My last post was written a while ago… one of my many recipes from the draft folder. And while these fruit, nut and seed bars were made later in the summer as well, I am writing this post after biking the double imperial century ride from Ottawa to Cornwall and back. The big kahuna. The grand finale.
And I did it!!
It was such an amazing feeling to accomplish such a feat, especially since I only started long distance cycling this year. If I can do it, anyone can!
What was more amazing during this ride, though, is that I learned how great it is to cycle in a group. Usually I bike with 1-2 other people, but we just have fun while cycling, stopping when we want, etc.
This was different.
My Dad and I joined the Touring 1 group for the Imperial Century Route (160km). The posted average speed was going to be 23-26 km/h. I usually get around 23km/h which is really not that fast but I can’t seem to do any better. I can do 26km/h average when mainly downhill…. but not when I factor in going back uphill! Hills are my weakness.
So there were 6 of us in the group. Totally not a beginner group (um, what kind of beginner would be cycling 320km??). A and T were both older gentlemen who enjoy cycling and were along for the ride. Strong cyclists but always reminding us to have fun! H was going for a ‘hat trick’ award. This year, she had already cross-country skiied 160km over 2 days, ran a marathon, and once she did the double imperial century, she was all set! Her friend L came along for the ride – but she had only done the shorter routes before. My dad has done the Cornwall and Kingston rides for 10 years, so he’s very strong.. and then there’s me!
It is mainly flat, but I found it quite windy. Being in a group of 6 (3 pairs), we rotated routinely, and were able to draft off of each other. The hills at the end had me struggling a bit, especially when I fell out of formation but the group would wait at the top and my Dad would try to deflect some of the wind off me. Once you lose the group, it is even more hard to join up again! We left at 0800 and arrived in Cornwall at 1600. Not bad at all. I was very pleased! 165km. 4 breaks, including a longer one for a flat tire. Average speed 26.1 km/h.
We lost and added a person for our return ride. T wanted to do the 120km and J joined us from the faster group. There were 60 people doing this ride and we were the only group doing the 160km back. We had 1 other person, biking solo, pass us, so most people picked the 120km back.
Anyways, we got the hills over with at the beginning and the route was mostly the same but it did change in some places as well.
In the end, our stats were: Left at 0730. Arrived at 1430 (imagine that!!) with 4 breaks. 162 km. Average 26.6 km/h! By 124 km, our average was 27.0 km/h! But it rained the last 30km, so we slowed a bit.
The group was really fantastic. Very encouraging and never dropped me despite being the weakest in the group. In fact, they were great about whisking me along. I felt a bit like Lance Armstrong as people tried to figure out where to position me in the group to capitalize on my strengths. There was a LOT more wind this time and sometimes it helped us! Our max speed was 39km/h which we got on a flat.
In conclusion, it was a great end of season trip. While I won’t be putting away my bike just yet (I hope to keep commuting until December, at least until the snow arrives), I am also not entirely sure where to go from here. I am considering investing in a nice road bike, but we’ll see.
Now about these bars! I spotted them at Enlightened Cooking. They were a nice change of pace from the date-heavy bars, with a citrusy burst from the orange juice and the apricots. The seeds and almonds provided a nice crunch as well. They were a bit more moist then some of my other bars this year as well.
One of my goals is to try every single vegetable and fruit at Bestwin, a local grocery store that has tons of ethnic food spanning India to Japan to Thailand. I oftentimes have no clue what they are, nor what to do with them, so it will definitely be a challenge. I stopped by this week and noticed okra was on sale, so I picked some up to start my cuisine challenge. Thankfully I also had 2 cookbooks in my trunk so I quickly looked for an appealing recipe with okra and made sure to get all the ingredients.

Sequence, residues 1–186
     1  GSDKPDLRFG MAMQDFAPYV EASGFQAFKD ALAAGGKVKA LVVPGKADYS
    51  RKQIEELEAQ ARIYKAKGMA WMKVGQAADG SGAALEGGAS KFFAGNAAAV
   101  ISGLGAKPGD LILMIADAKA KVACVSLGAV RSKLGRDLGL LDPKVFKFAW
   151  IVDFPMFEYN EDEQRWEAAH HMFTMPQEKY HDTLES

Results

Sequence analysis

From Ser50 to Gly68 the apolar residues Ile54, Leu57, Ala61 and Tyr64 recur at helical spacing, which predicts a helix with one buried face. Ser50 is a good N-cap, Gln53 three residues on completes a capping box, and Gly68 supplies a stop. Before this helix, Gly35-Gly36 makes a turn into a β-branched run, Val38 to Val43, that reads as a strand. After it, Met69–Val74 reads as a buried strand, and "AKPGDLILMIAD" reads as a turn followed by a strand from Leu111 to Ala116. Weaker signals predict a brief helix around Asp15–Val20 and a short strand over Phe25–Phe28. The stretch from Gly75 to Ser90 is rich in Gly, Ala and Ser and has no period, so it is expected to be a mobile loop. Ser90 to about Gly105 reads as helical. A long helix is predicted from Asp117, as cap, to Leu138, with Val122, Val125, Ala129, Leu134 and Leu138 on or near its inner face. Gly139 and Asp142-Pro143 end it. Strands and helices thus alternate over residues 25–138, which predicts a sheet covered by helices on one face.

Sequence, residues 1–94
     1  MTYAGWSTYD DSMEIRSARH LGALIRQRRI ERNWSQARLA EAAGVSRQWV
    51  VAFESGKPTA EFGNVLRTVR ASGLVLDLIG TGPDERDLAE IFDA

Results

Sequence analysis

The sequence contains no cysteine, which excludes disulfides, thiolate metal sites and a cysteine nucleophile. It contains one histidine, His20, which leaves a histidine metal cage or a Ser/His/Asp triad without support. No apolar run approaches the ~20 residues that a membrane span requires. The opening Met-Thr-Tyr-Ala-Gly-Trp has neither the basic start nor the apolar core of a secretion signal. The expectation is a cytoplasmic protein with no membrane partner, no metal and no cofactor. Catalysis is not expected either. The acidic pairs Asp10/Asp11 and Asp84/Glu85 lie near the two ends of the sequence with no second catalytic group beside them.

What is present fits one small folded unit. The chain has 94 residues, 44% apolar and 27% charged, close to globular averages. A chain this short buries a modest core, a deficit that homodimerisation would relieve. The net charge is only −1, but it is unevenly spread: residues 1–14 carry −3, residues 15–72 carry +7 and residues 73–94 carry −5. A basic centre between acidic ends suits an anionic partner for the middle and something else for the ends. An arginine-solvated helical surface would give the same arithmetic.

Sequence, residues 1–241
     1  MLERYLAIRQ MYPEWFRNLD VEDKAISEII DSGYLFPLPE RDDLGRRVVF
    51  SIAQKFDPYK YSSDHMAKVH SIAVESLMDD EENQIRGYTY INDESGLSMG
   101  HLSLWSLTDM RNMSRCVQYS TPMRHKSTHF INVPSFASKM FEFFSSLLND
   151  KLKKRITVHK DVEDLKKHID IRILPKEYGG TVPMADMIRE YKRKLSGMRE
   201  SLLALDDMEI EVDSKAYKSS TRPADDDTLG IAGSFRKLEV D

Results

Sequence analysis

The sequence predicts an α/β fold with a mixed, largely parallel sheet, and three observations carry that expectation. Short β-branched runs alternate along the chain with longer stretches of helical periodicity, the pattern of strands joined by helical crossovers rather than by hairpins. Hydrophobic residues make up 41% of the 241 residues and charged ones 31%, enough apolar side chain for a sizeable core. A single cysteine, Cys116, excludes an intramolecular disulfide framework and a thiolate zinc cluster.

Okra is native to Africa but is used in Middle Eastern, Indian and African cuisine. While okra is commonly served with tomato, I adapted a Syrian Jewish sweet and sour recipe with okra, prunes and apricots in a tamarind sauce from Aromas of Aleppo by Poopa Dweck (the original recipe has also been posted here by the Jewish Book Council). There is some tomato paste as well, so the classic tomato flavour is there as well. I thought the sauce was fabulous with the sweet apricots and prunes, with the sour tang from the tamarind. The bit of tomato pasta also added a bit of homeliness to the dish. The sauce worked well with the delicious okra.
The sweet and sour sauce took a while to prepare but the long cooking meant there was no need for any additional sugar as the sweetest was entirely from the fruits. I served this with a bed of rice as a meal, but I think next time I’d love to add a bean like chickpeas to the mixture. It can also be served as a side dish to an elaborate meal.
I was a bit worried about the okra after reading about its acquired tasted and its gooey characteristics if opened, but I didn’t have any problems. The try to minimize any mucilaginous texture, quickly spray with water when washing and quickly pan-fry them with a bit of oil. Keeping them intact while cooking is also important, and shaking the pan instead of stirring helps. A few of my larger okra where a bit tough and stringy, so I should have heeded Dweck’s advice to purchase the smallest okra possible. When I was in Turkey, they were each an inch or two long and I hear in Syria they are even smaller. Here in Canada, they were much longer but still good. Frozen baby okra could also be an option.
To be fair, I don’t normally travel with cookbooks in my trunk, but I was enroute from buying them. I couldn’t be more happy with my purchases. This was the second recipe I have tried from Aromas of Aleppo by Poopa Dweck, and I was not disappointed (the first was Eggs Scrambled with Rhubarb). Aromas of Aleppo is a unique cookbook featuring Jewish Syrian cuisine.
As the last Jews left Aleppo in 1997 and took their cuisine with them, this makes the cookbook a treasure trove of historical dishes. Dweck is keeping the Syrian Jewish culinary traditions alive through recipes pulled together from the expatriated community, a project which began over 30 years ago. Syrian Jews separate themselves from other Sephardic Jews through their flavourful dishes, with their unique uses of tamarind, cherries, and spices such as allspice, cinnamon, saffron and cardamom. What’s not to love?